Parenting is Hard

In the Down syndrome community March 21st is a day of celebration. It is when we come together and work to bring awareness to world about individuals with Down syndrome. We wear crazy socks, have gatherings, and generally just have fun! This last March, leading up to World Down Syndrome Day, I was talking to a mom about it and she said, “right now I am NOT celebrating Down syndrome!” She was going through a rough patch with her little one with Down syndrome and was not in a particularly celebratory mood.

Parenting is hard. Whether you are parenting typical, special needs, singles or have a family with multiple children, there are days when the task can bring you to your knees and overwhelm you. And you know what? It is okay to not celebrate. It is okay to want to quit. It is okay to find some quiet time alone where you can regroup. It does not make you a bad parent. It makes you a normal parent. When my three adult kids were little, I had three girlfriends who also had children the same age. We were all broke and exhausted. So, we would all get together with eleven kids under the age of eight and make peanut butter & jelly sandwiches and snickerdoodle cookies (chocolate chips were too expensive). We would let our kids play in someone’s sprinkler until they were exhausted. But it was the friendship I craved and quite honestly, I am not sure I would have made it through without.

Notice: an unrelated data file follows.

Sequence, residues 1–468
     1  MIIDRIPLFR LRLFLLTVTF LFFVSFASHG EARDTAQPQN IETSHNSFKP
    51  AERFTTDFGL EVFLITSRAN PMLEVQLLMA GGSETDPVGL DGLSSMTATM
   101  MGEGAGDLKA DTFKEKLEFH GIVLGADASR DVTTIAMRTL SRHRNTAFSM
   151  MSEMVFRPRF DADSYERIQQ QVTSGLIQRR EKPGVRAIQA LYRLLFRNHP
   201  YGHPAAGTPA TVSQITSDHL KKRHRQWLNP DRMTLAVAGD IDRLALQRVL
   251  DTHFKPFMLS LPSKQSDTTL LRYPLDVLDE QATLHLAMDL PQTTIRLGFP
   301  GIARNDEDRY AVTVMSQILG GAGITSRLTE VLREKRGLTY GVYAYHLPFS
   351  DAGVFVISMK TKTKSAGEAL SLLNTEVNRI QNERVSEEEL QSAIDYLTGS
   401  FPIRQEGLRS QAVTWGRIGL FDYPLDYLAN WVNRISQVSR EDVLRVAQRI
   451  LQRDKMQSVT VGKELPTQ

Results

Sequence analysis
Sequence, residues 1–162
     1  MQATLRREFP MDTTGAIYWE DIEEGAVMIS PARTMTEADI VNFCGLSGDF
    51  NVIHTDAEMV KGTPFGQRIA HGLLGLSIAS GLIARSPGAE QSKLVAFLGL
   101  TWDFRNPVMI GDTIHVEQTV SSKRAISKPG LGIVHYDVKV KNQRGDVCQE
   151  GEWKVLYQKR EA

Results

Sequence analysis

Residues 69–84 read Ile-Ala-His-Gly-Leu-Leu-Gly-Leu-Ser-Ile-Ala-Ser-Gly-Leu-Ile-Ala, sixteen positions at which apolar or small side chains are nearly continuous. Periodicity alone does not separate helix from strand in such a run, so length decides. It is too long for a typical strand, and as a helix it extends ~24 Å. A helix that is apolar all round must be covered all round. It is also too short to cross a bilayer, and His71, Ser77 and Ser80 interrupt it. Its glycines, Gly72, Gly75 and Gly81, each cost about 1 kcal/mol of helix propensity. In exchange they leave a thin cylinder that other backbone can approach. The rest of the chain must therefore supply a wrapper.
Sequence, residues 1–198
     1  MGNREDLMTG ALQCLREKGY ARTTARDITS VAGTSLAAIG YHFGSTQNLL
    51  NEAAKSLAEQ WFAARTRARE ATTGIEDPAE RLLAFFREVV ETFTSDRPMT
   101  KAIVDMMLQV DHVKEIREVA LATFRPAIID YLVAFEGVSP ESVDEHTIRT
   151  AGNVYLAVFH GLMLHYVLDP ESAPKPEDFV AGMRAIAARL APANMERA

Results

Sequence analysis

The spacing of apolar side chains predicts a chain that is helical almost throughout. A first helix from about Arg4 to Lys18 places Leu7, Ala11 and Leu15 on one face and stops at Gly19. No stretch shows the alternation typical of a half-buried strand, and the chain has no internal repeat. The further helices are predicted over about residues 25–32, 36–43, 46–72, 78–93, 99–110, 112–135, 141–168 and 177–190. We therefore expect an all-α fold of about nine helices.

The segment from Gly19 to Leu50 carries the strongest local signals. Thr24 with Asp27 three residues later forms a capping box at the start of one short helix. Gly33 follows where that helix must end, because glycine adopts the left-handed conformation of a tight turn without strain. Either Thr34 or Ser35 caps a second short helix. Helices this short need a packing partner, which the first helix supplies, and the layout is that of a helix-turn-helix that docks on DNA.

Getting through the rough patches requires community. “Humans thrive on social interaction. In fact, forming strong, healthy relationships is vital to our emotional and physical well-being, with benefits that range from reduced stress and anxiety to a stronger immune system and increased longevity.”               O, The Oprah Magazine: The Power of Connection Single Issue Magazine – September 10, 2020                                 

Come to any GiGi’s Playhouse program and you will see this take place in real time. Parents sharing their lives with their kiddos, giving advice, listening and laughing together. This is community. Parents need it. I believe our DNA thrives on connection and when we isolate, we are hurting ourselves and others.

We will be having another Mama S.A.I.D. soon. Try to attend, and make it a priority in your life to connect to others. You will be glad you did.

Submitted by:

Robin Lea Amos

GiGi’s Playhouse Phoenix

Executive Director

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